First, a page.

As good as the L12-2 is, there remain some points where it can be improved or changed. This applies to parts as well as the schematics.
But don´t worry, the changes are easy to do and reversible.
Lets take a look at the amplifier and its schematics again.
One will notice that the serial capacitors C5 in the input and C8 in the feedback path are aluminum electrolytics. Here You can connect small high-quality film caps in parallel, which is easy to do on the PCB solder side.
If the output of a source device is truely free from DC offset You can omit with C5 alltogether.
Parallel to the Lytics C1/C2/C12/C13, that decouple the supply rails, small film or ceramic X7R caps may be soldered, e.g. MKS2 of Wima from 100nF to 1µF, with a lead pitch of 5mm throughole or 1812 in SMD style.
Quite sensible is a modification to the bias network, since the Bias current values vary considerably from amplifier module to amplifier module.
Replace the 1kOhm R19 by a parallel connection of a 1.5kOhm resistor and a 5kOhm trim-potentiometer. This allows for a precise and consistent setting of the bias.
Though my amplifiers haven´t shown any signs of instability so far, the CFP output configuration is said to be more sensitive to capacitive loading than the Darlington.
Surprisingly it aren´t the larger capacitances in the µF range as electrostats present for example, but rather lower capacitances from cabling in the higher pF to several nF range that let an amplifier break into oscillation.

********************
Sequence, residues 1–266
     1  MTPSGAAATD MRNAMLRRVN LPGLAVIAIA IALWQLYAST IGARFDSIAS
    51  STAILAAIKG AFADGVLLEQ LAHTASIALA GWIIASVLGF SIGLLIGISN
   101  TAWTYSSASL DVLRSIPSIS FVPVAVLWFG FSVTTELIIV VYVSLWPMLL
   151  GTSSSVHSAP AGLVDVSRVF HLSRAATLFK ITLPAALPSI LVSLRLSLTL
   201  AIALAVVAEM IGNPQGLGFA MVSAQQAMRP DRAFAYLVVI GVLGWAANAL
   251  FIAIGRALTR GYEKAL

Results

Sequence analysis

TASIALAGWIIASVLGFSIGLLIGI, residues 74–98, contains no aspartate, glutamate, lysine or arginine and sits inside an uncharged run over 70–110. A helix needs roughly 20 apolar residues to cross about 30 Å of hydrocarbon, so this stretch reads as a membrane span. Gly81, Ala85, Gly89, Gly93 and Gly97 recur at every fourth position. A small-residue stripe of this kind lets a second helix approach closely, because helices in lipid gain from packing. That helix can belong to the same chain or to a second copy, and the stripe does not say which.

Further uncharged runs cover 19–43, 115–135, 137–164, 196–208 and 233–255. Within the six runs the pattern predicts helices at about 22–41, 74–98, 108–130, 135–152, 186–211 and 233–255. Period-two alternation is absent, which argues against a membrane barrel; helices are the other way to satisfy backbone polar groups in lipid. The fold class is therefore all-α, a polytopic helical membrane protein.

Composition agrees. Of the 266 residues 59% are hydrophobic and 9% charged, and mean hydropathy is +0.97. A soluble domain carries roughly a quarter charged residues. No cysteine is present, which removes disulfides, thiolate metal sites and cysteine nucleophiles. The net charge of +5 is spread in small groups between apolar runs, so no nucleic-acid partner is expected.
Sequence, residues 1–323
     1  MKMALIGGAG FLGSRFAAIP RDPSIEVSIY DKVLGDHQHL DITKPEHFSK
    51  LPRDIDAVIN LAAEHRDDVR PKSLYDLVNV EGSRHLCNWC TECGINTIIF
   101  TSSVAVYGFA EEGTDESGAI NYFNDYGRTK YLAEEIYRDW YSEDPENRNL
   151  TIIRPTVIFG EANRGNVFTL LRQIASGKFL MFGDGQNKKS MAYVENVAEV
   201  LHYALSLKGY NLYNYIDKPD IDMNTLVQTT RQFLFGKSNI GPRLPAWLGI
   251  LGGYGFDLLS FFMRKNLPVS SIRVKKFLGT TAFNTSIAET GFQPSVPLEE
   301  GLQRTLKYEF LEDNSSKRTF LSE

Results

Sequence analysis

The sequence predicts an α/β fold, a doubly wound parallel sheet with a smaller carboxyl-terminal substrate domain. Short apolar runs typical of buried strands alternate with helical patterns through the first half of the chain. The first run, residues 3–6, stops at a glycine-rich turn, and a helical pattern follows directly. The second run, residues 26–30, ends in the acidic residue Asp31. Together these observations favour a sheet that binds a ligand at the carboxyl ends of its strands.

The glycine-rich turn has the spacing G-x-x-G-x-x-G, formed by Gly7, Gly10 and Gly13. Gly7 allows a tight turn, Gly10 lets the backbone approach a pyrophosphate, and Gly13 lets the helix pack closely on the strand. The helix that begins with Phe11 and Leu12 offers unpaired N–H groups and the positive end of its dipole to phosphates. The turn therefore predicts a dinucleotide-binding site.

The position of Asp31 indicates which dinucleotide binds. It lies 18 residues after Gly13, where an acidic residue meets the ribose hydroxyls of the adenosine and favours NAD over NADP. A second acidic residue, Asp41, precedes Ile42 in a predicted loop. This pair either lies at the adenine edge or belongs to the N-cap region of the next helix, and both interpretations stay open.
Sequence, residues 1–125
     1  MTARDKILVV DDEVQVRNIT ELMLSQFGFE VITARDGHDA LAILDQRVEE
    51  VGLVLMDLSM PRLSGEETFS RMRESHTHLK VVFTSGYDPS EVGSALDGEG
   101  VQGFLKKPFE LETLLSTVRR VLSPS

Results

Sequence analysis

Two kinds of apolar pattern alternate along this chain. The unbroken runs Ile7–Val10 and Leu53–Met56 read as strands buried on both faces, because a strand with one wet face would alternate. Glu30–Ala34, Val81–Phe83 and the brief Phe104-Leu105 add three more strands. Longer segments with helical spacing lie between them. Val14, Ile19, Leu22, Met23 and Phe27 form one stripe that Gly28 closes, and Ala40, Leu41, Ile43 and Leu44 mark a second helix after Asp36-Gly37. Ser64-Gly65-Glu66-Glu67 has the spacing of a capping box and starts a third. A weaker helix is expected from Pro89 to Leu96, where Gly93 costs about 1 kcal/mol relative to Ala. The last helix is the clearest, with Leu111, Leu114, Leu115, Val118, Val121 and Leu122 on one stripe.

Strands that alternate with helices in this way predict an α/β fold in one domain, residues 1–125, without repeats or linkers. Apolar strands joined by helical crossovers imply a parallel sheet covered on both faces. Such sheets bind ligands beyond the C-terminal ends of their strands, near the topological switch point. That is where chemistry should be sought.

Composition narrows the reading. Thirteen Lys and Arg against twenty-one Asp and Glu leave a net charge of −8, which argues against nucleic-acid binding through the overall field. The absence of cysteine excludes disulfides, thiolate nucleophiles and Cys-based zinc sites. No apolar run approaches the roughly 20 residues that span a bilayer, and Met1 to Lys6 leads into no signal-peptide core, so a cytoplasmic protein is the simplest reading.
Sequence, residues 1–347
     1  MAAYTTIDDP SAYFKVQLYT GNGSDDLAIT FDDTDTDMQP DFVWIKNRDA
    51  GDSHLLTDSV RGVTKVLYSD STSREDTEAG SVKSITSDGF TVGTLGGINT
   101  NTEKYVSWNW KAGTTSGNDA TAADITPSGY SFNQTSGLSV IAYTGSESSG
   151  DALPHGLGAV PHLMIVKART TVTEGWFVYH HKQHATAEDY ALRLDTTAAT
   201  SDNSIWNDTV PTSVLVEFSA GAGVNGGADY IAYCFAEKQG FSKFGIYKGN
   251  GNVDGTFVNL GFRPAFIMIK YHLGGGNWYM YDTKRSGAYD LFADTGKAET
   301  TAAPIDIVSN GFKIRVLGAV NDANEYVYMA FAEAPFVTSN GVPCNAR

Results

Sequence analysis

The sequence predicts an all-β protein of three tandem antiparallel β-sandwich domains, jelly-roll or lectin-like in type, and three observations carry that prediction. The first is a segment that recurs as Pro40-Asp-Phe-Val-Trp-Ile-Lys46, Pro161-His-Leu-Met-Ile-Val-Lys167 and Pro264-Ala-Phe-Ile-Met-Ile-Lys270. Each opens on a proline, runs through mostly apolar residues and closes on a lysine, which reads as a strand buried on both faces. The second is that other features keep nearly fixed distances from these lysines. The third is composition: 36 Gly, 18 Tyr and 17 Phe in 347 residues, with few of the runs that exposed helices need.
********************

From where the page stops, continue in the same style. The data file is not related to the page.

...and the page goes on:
A LR-network R35/L1 with values of 8-10Ohms for R35 and 1µH-2µH for L1 is a good remedy.
Who likes can further beef up the high-current tracks on the PCB in that he solders copper wire on top or applys a thick layer of solder.
With this all the ´simple modifications´ are mentioned.
Additional modifications apply to the compensation networks and directly affect the signal related behaviour of the amplifier
These modifications should -as long as they have not been verified as working safely- be accompanied by measurements.
From my simulations a change from the simple Miller compensation to a 2-pole-compensation looks promising (just one cap and one resistor more).
While the openloop gain with Miller compensation drops by a rate of -6dB/oct above a low frequency break point, it stays high up to a few kHz with 2-pole-compensation, but then dropping by -12dB/oct.
With Miller compensation the feedback factor reduces already from low frequencies upwards and distortions rise accordingly. Typically You recognize a strong rise in the distortion plots above 1kHz. With the 2-pole compensation the feedback factor remains constantly high for much longer and as such the distortion rise occurs at considerably higher frequencies.
Now there are some renowned developers who argue that the frequency dependend rise of the distortions becomes audible as it rises over-proportional with the power level also. At least it might be an explanation why some amplifiers tend to sound brighter and harder with increasing volume level as the sonic balance shifts. If though the distortion plot remains constant over frequency up to roundabout 6kHz (as sensible limit), it´d raise evenly and inconspicious with power level.
Further testing of this matter could proove rewarding.